In this six-minute short, Inuit artist, storyteller and co-director Germaine Arnattaujuq (Arnaktauyok) depicts Inuit creation stories in all their glory. Arctic Song tells stories of how the land, sea and sky came to be in beautifully rendered animation. Telling traditional Inuit tales from the Iglulik region of Nunavut through song, the film revitalizes ancient knowledge and shares it with future generations.
Nalujuk Night is an up close look at an exhilarating, and sometimes terrifying, Labrador Inuit tradition. Every January 6th from the dark of the Nunatsiavut night, the Nalujuit appear on the sea ice. They walk on two legs, yet their faces are animalistic, skeletal, and otherworldly. Snow crunches underfoot as they approach their destination: the Inuit community of Nain.
Despite the frights, Nalujuk Night is a beloved annual event, showing that sometimes it can be fun to be scared. Rarely witnessed outside of Nunatsiavut, this annual event is an exciting chance for Inuit, young and old, to prove their courage and come together as a community to celebrate culture and tradition.
Inuk filmmaker Jennie Williams brings audiences directly into the action in this bone-chilling black and white short documentary about a winter night like no other.
This animated short tells the story of Maq, a Mi'kmaq boy who realizes his potential with the help of inconspicuous mentors. When an elder in the community offers him a small piece of pipestone, Maq carves a little person out of it. Proud of his work, the boy wants to impress his grandfather and journeys through the woods to find him. Along the path Maq meets a curious traveller named Mi'gmwesu. Together they share stories, medicine, laughter, and song. Maq begins to care less about making a good impression and more about sharing the knowledge and spirit he's found through his creation. Part of the Talespinners collection, which uses vibrant animation to bring popular children's stories from a wide range of cultural communities to the screen.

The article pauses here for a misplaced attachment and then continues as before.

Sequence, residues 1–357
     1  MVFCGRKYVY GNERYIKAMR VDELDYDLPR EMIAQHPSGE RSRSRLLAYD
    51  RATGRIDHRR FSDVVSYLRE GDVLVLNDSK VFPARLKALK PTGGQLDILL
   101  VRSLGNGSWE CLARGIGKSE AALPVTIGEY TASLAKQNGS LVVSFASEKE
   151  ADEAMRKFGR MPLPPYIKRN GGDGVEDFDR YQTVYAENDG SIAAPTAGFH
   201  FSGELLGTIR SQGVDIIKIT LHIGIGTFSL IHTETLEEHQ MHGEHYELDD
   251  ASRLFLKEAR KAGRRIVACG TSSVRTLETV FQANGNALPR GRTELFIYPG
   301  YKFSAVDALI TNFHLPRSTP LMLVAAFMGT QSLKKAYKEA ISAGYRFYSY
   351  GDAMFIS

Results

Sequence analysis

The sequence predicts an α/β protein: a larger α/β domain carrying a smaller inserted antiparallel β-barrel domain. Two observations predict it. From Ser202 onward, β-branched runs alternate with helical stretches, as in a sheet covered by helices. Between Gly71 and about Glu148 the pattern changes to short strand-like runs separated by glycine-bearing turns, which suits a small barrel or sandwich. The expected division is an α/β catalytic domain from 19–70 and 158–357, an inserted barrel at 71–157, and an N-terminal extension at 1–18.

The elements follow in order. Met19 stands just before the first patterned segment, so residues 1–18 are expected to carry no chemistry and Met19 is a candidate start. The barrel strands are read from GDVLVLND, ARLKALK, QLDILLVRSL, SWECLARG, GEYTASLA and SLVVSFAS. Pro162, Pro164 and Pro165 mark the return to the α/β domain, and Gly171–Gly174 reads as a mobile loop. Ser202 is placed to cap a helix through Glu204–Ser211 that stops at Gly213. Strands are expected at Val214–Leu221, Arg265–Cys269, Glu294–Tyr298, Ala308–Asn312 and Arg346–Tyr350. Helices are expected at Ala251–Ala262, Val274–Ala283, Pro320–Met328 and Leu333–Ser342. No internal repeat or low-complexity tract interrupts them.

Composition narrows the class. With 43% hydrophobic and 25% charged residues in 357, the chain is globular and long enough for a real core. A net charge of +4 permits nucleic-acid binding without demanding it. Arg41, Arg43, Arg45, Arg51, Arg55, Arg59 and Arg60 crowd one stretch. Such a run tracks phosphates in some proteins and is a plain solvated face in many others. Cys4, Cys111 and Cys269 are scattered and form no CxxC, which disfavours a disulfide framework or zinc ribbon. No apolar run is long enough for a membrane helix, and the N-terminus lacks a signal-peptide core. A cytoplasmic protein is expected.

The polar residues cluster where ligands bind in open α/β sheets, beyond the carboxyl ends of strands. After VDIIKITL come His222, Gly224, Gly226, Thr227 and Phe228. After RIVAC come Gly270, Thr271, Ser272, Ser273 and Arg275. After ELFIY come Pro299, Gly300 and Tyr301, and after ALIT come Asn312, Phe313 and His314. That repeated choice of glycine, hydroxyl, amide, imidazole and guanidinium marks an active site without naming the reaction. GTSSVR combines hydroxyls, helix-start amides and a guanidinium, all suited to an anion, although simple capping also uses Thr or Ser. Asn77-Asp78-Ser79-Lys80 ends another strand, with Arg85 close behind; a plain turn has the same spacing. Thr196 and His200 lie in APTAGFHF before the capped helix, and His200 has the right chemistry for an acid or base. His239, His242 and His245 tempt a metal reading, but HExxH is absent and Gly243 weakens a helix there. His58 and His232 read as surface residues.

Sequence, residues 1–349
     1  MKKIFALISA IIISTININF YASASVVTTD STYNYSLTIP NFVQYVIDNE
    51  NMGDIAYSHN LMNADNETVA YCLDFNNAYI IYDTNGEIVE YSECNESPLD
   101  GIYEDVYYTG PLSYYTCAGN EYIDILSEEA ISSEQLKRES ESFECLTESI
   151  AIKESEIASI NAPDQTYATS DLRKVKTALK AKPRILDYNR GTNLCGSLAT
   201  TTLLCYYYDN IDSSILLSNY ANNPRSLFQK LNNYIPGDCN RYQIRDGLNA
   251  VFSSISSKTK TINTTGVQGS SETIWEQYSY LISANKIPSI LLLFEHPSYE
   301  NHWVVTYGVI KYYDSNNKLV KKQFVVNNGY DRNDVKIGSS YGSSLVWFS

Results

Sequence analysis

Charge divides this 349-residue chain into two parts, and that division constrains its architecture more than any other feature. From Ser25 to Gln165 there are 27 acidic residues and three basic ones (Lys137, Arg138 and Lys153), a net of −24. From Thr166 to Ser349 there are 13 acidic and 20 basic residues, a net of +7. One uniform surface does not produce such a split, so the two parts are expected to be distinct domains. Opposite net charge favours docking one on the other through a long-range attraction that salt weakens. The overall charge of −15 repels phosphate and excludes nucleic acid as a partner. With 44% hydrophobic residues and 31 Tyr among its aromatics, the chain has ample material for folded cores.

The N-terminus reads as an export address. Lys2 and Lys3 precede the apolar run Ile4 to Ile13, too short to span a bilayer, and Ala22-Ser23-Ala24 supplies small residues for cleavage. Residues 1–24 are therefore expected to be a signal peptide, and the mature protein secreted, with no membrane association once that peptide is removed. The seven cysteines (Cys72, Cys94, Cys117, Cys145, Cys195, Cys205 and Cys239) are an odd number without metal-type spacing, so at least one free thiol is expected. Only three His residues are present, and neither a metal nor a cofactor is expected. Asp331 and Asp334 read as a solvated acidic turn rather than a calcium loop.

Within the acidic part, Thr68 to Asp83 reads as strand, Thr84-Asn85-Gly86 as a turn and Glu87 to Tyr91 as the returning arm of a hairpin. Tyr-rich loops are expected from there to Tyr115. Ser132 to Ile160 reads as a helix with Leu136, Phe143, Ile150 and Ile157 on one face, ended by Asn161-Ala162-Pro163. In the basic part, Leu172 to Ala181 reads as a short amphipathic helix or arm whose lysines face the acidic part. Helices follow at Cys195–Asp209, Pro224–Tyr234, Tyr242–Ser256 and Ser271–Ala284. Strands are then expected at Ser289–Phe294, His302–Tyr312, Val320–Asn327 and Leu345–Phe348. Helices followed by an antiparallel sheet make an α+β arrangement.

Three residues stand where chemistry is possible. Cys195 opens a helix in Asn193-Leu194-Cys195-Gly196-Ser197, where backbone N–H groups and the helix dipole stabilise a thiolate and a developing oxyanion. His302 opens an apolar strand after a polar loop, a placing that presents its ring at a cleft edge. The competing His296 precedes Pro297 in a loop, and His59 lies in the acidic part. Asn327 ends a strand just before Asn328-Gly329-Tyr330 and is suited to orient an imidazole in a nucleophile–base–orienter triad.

An adventurous young boy and his determined mother share a passion for Inuit drum dancing in Happy Valley-Goose Bay. Evan’s Drum is a joyful visit to a family’s loving home, and an uplifting story of cultural pride. After generations of silence, the rhythm of the traditional Inuit drum has returned to Labrador, and seven-year-old Evan is part of the new generation that will keep its heartbeat strong.
Also available in Inuktitut!
In The Mountain of SGaana, Haida filmmaker Christopher Auchter spins a magical tale of a young man who is stolen away to the spirit world, and the young woman who rescues him. The film brilliantly combines traditional animation with formal elements of Haida art, and is based on a story inspired by a old Haida fable.
The NFB’s 77th Oscar®-nominated film.
Two ships collide in a harbour, an explosion shatters a city, and a sailor is blasted skyward. With ears ringing, blood pulsing and guts heaving, he soars high above the mayhem and towards the great unknown. A bold blend of comedy, suspense and philosophy, The Flying Sailor is an exhilarating contemplation of the wonder and fragility of existence.
This animated short tells the story of a ferocious polar bear turned to stone by an Inuk shaman. The tale is based on emerging filmmaker Echo Henoche's favourite legend, as told to her by her grandfather in her home community of Nain, Nunatsiavut, on Labrador's North Coast. Hand-drawn and painted by Henoche in a style all her own, Shaman is the first collaboration between the Labrador artist and the NFB.